I went yard sale shopping last Friday morning. The weather was beautiful, I saw an ad for a huge multifamily sale on Craigslist, and I was in the mood to get out of the house.
As I was browsing the sale, I ran into my son’s soccer coach. She has two preschool/early school age daughters whom she home schools. We talked for a few moments, and then we went our separate ways, perusing the merchandise. I left and went to more sales.
A bit later in the morning, I ran into the coach and her girls at another sale. As they were shopping, one of the girls asked, “Mommy, can we buy this?”
Mom replied, “No, you already spent your money.”
There was a long pause, before the girl asked, “Well, can I just use your money?”
Everyone at the sale laughed. And the coach had a choice. What would she do?
One option would be to buy the item her daughter so desperately wanted. It was only a dollar or so, certainly not an amount that would put the family in the poorhouse.
And her daughter would be so happy! And I have to tell you, this little girl has the most beautiful smile. Who wouldn’t want to make her happy?
The mom had given the girls each their own spending money before they set out yard sale shopping. Apparently the girls had spent all their money at a prior sale.
So mom could just stand her ground and let her daughter experience the consequences of spending all her money earlier. But her daughter would be soooo sad.
Thinking about the short term, many parents would buy the item to make their child happy. After all, it’s only a dollar.
But what does that teach? Money is an infinite resource. If you run out of money, there will always be a way to get more, without working for it. And those of us who have been around a while know that’s not the truth.
By saying no, the mom would teach her daughter that once you run out of money, that’s it. There’s no more to spend. For a 5 year old, that’s a basic budgeting course, and it’s a good lesson!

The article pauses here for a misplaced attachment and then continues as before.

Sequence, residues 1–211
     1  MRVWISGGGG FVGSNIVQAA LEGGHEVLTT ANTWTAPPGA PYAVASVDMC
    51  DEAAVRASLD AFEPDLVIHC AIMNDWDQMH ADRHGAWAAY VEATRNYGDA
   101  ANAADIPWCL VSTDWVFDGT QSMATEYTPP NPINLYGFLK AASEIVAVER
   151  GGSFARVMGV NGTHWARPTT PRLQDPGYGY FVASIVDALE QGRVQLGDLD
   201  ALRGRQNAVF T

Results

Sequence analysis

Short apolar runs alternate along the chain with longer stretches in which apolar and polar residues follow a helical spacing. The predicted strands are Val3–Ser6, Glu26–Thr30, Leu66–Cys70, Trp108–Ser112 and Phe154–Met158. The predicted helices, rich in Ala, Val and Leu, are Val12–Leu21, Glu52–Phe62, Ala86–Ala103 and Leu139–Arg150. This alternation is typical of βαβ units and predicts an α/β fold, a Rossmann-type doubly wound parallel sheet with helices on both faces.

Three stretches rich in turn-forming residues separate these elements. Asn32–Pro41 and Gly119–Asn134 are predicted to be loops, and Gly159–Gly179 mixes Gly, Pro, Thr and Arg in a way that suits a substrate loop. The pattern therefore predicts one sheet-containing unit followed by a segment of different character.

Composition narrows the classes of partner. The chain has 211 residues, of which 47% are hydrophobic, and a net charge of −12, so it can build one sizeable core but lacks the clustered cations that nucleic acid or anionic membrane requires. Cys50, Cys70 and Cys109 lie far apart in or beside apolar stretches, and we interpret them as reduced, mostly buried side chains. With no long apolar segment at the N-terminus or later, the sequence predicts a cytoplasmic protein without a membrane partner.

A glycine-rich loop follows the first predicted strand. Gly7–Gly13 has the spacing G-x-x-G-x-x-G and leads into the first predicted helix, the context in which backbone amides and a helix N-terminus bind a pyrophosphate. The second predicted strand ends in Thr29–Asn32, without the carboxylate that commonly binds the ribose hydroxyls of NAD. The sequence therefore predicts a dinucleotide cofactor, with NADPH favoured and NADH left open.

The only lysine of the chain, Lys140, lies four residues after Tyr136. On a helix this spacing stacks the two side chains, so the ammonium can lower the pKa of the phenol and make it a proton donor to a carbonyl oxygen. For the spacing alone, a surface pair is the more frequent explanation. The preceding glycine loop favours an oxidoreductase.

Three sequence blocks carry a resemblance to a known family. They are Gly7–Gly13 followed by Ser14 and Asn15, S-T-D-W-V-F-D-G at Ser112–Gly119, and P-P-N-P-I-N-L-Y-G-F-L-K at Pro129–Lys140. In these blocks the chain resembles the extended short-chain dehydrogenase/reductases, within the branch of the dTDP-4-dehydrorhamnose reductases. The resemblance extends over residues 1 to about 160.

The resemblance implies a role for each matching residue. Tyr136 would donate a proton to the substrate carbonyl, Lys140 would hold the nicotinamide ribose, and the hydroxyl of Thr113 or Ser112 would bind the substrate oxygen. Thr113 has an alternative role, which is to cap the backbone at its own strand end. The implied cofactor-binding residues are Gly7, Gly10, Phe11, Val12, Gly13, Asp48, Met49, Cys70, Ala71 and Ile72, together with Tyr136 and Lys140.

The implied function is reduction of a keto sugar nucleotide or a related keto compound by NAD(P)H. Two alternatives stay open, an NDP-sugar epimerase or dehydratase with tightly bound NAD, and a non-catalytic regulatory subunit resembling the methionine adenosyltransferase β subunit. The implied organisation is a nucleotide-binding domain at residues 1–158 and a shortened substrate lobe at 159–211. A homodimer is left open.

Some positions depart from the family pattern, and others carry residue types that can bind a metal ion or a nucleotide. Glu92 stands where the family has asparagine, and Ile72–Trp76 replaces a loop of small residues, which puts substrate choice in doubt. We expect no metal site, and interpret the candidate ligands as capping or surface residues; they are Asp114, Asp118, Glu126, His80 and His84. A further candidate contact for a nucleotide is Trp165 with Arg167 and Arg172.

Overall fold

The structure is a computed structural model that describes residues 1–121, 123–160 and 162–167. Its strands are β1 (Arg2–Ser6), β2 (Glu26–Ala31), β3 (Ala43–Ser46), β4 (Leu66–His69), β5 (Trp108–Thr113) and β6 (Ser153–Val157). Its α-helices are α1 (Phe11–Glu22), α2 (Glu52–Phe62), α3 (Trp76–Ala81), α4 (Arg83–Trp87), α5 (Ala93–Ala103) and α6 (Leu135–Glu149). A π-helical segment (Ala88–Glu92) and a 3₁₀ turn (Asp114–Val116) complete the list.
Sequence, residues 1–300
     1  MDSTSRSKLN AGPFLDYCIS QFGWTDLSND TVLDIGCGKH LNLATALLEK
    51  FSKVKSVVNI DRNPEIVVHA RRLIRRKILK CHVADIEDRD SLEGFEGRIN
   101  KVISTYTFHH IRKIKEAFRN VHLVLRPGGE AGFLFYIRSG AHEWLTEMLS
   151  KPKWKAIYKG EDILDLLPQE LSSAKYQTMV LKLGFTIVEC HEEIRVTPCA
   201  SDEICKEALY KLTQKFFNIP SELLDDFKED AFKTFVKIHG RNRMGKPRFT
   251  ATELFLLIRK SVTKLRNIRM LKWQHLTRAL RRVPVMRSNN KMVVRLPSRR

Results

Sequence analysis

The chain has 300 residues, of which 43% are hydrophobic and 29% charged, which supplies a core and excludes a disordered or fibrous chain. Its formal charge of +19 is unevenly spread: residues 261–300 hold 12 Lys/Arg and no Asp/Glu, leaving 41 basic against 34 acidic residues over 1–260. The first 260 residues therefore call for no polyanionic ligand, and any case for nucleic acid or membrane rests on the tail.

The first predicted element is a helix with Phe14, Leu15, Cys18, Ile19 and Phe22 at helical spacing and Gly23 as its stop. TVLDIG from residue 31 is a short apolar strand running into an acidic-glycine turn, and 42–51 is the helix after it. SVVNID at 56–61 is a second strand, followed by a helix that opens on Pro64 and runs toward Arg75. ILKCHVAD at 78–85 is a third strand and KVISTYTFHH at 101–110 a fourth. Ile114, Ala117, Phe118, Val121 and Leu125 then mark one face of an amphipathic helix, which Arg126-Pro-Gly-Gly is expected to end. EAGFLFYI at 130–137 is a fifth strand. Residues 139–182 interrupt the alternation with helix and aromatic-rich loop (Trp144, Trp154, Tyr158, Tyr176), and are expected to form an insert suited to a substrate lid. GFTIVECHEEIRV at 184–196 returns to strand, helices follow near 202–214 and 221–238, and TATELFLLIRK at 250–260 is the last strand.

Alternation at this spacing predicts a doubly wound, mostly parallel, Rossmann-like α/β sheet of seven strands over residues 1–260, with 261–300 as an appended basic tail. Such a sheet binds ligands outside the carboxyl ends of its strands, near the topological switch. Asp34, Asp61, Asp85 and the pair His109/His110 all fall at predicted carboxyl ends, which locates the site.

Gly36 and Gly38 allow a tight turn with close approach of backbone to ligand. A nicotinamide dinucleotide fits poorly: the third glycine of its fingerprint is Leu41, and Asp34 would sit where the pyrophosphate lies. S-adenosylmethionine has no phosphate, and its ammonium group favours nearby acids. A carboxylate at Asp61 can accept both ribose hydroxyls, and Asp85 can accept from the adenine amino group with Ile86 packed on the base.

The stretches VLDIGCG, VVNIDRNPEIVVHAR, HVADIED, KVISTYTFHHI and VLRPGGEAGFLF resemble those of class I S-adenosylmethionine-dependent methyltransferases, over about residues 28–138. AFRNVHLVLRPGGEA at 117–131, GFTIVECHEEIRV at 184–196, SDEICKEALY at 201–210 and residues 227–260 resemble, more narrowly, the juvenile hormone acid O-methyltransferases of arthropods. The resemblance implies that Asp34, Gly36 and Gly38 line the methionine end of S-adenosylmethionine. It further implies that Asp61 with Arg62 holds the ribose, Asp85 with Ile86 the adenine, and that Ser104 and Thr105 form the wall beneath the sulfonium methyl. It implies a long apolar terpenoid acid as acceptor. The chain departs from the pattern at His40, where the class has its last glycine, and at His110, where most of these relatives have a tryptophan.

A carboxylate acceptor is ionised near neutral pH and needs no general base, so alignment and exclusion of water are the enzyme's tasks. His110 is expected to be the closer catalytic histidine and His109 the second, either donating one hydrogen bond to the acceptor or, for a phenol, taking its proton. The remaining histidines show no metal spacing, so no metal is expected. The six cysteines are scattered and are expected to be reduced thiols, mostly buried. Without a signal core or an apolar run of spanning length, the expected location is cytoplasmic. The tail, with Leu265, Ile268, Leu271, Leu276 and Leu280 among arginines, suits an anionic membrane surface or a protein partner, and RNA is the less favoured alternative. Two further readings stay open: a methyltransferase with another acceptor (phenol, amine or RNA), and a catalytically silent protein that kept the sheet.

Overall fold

So what happened? I left before the conversation was over, but let’s just say it wasn’t going the young girl’s way. I don’t think she talked her mom into purchasing that toy she wanted so badly. And as I was walking away, listening to the conversation between mom and daughter, I was impressed that this mom took the time to get on her daughter’s level and explain why she couldn’t buy the item.
So often it’s tempting to brush our children off when we’re busy or in a hurry. But it’s important to take advantage of small, teachable moments. These are the lessons children will remember for a lifetime.
Photo by kamshots.
If you like this article, please sign up for free weekly email updates.
I'm just an average mom, trying to live a frugal life and get out of debt. I write about things that have (and haven't) worked to improve my family's financial situation. What works for me may or may not work for you, and you should always consult a financial advisor before making important financial decisions.
In accordance with FTC guidelines, I state that I have a financial relationship with companies mentioned in this website. This may include receiving access to free products and services for product and service reviews and giveaways.
Any references to third party products, rates, or websites are subject to change without notice. I do my best to maintain current information, but due to the rapidly changing environment, some information may have changed since it was published. Please do the appropriate research before participating in any third party offers.